September 10, 2006 – September 16, 2006
“And all the tithe of the land, [whether] of the seed of the land, [or] of the fruit of the tree, [is] the Lord’s: [it is] holy unto the Lord.” Leviticus 27:30.
Study Help: Testimonies, vol. 3, 545–547.
“We are to praise God by tangible service, by doing all in our power to advance the glory of His name. God imparts His gifts to us that we also may give, and thus make known His character to the world. Under the Jewish economy, gifts and offerings formed an essential part of God’s worship. The Israelites were taught to devote a tithe of all their income to the service of the sanctuary. Besides this they were to bring sin offerings, free-will gifts, and offerings of gratitude. These were the means for supporting the ministry of the gospel for that time. God expects no less from us than He expected from His people anciently. The great work for the salvation of souls must be carried forward. In the tithe, with gifts and offerings, He has made provision for this work. Thus He intends that the ministry of the gospel shall be sustained. He claims the tithe as His own, and it should ever be regarded as a sacred reserve, to be placed in His treasury for the benefit of His cause. He asks also for our free-will gifts and offerings of gratitude. All are to be devoted to the sending of the gospel unto the uttermost parts of the earth.” Christ’s Object Lessons, 300.
1 What portion of a man’s substance has God reserved as His? Leviticus 27:30.
note: “The Lord has specified: The tenth of all your possessions is Mine; your gifts and offerings are to be brought into the treasury, to be used to advance My cause, to send the living preacher to open the Scriptures to those who sit in darkness.” Messages to Young People, 308.
“That which lies at the foundation of business integrity and of true success is the recognition of God’s ownership. The Creator of all things, He is the original proprietor. We are His stewards. All that we have is a trust from Him, to be used according to His direction.
“This is an obligation that rests upon every human being. It has to do with the whole sphere of human activity. Whether we recognize it or not, we are stewards, supplied from God with talents and facilities, and placed in the world to do a work appointed by Him.” Education, 137.
2 Can a man dispose of that which is the Lord’s as he chooses? Leviticus 27:26; Deuteronomy 15:19.
note: “The Lord sought to teach Israel that in everything He must be first. Thus they were reminded that God was the proprietor of their fields, their flocks, and their herds; that it was He who sent them the sunshine and the rain that developed and ripened the harvest. Everything that they possessed was His; they were but the stewards of His goods. . . .
“Men are tempted to use their means in self-indulgence, in the gratification of appetite, in personal adornment, or in the embellishment of their homes. For these objects many church members do not hesitate to spend freely and even extravagantly. But when asked to give to the Lord’s treasury, to carry forward His work in the earth, they demur. Perhaps, feeling that they cannot well do otherwise, they dole out a sum far smaller than they often spend for needless indulgence. They manifest no real love for Christ’s service, no earnest interest in the salvation of souls. What marvel that the Christian life of such ones is but a dwarfed, sickly existence!” The Acts of the Apostles, 337, 338.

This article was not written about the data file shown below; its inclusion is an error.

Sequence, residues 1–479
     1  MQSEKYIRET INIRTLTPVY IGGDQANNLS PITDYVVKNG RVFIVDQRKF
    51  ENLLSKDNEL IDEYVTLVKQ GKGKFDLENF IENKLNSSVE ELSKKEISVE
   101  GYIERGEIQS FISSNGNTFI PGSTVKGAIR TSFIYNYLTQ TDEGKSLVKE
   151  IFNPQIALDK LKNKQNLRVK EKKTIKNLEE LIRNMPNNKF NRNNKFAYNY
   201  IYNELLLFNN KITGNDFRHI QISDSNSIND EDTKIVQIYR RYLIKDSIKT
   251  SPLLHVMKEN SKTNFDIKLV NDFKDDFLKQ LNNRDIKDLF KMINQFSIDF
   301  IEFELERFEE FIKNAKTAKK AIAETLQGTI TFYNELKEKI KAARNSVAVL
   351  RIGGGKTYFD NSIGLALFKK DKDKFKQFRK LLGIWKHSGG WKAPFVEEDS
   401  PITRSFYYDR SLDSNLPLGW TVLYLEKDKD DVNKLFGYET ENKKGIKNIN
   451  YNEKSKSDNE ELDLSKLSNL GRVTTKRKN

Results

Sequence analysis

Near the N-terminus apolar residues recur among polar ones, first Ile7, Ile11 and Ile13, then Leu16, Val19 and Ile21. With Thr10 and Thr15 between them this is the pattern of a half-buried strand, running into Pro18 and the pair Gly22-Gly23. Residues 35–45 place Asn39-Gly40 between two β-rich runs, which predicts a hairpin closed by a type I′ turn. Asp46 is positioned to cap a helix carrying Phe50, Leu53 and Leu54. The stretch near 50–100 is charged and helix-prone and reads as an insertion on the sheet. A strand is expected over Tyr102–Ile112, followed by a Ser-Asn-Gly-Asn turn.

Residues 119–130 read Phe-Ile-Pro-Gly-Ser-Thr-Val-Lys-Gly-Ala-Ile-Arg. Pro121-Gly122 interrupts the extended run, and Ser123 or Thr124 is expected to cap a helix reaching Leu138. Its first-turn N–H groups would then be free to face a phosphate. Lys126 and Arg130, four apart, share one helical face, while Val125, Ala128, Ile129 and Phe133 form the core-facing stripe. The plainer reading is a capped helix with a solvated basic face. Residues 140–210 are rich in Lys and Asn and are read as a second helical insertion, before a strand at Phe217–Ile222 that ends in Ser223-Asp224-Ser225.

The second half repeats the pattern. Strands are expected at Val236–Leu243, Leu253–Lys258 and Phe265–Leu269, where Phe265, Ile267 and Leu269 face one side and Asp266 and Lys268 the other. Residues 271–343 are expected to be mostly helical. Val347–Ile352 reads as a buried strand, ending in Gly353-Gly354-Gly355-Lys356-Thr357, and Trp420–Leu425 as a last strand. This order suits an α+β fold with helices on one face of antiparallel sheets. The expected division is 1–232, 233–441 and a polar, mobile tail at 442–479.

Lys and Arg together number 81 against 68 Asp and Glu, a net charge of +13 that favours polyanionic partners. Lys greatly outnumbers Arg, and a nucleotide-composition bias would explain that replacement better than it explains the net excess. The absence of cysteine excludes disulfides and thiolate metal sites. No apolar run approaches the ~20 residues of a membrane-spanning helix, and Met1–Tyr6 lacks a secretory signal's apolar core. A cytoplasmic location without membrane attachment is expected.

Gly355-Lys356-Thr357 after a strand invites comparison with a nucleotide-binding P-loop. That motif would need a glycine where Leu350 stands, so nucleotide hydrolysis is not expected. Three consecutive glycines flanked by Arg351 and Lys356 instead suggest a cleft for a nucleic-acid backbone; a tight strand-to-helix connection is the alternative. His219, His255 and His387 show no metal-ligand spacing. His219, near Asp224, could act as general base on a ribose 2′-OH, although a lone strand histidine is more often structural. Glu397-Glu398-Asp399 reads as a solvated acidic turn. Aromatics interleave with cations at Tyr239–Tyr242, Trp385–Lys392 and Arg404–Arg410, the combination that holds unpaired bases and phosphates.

3 What class of offerings connected with the tithe went to the priest? Nehemiah 10:37.
note: “Even before the tithe could be reserved there had been an acknowledgment of the claims of God. The first that ripened of every product of the land was consecrated to Him. The first of the wool when the sheep were shorn, of the grain when the wheat was threshed, the first of the oil and the wine, was set apart for God. So also were the first-born of all animals; and a redemption price was paid for the first-born son. The first fruits were to be presented before the Lord at the sanctuary, and were then devoted to the use of the priests.” Patriarchs and Prophets, 526.
“Of all our income we should make the first appropriation to God. In the system of beneficence enjoined upon the Jews they were required either to bring to the Lord the first fruits of all His gifts, whether in the increase of their flocks or herds, or in the produce of their fields, orchards, or vineyards, or they were to redeem it by substituting an equivalent.” Testimonies, vol. 4, 474.
4 What does God say of those who withhold tithes and offerings from His treasury? Malachi 3:8, 9.
note: “God has specified one tenth of the increase. This is left to the conscience and benevolence of men, whose judgment in this tithing system should have free play. And while it is left free to the conscience, a plan has been laid out definite enough for all. No compulsion is required.
“God called for men in the Mosaic dispensation to give the tenth of all their increase. He committed to their trust the things of this life, talents to be improved and returned to Him. He has required a tenth, and this He claims as the very least that man should return to Him. He says: I give you nine tenths, while I require one tenth; that is Mine. When men withhold the one tenth, they rob God.” Testimonies, vol. 3, 394.